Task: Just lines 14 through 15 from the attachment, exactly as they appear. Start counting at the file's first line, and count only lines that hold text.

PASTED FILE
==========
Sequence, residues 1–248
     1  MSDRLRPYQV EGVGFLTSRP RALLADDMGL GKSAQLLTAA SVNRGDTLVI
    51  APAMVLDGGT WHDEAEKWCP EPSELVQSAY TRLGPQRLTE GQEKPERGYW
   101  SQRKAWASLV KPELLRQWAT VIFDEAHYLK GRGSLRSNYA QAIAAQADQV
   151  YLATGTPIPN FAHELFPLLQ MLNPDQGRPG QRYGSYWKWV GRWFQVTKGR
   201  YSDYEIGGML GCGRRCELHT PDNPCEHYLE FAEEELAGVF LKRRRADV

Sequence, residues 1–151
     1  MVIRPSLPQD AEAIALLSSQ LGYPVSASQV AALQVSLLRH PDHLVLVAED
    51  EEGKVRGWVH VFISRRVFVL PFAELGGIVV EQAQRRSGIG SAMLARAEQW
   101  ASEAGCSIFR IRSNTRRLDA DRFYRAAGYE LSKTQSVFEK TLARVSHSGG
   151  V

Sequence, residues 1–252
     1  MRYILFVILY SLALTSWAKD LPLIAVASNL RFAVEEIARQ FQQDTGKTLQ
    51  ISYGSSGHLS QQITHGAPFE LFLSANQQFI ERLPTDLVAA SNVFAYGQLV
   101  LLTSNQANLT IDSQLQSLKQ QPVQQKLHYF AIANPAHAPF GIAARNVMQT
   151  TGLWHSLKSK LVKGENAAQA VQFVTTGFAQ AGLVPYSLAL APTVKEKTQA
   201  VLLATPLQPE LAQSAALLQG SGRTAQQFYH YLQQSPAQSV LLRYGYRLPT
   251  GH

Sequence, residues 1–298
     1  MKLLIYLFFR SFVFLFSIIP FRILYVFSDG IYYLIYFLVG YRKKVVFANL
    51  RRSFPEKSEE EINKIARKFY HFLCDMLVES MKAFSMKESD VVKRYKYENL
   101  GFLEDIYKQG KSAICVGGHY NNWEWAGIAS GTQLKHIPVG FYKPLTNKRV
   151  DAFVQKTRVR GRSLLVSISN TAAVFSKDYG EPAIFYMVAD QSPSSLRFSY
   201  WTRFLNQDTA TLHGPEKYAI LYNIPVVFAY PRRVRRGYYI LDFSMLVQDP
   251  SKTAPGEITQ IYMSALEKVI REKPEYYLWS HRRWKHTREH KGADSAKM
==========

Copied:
    51  ISYGSSGHLS QQITHGAPFE LFLSANQQFI ERLPTDLVAA SNVFAYGQLV
   101  LLTSNQANLT IDSQLQSLKQ QPVQQKLHYF AIANPAHAPF GIAARNVMQT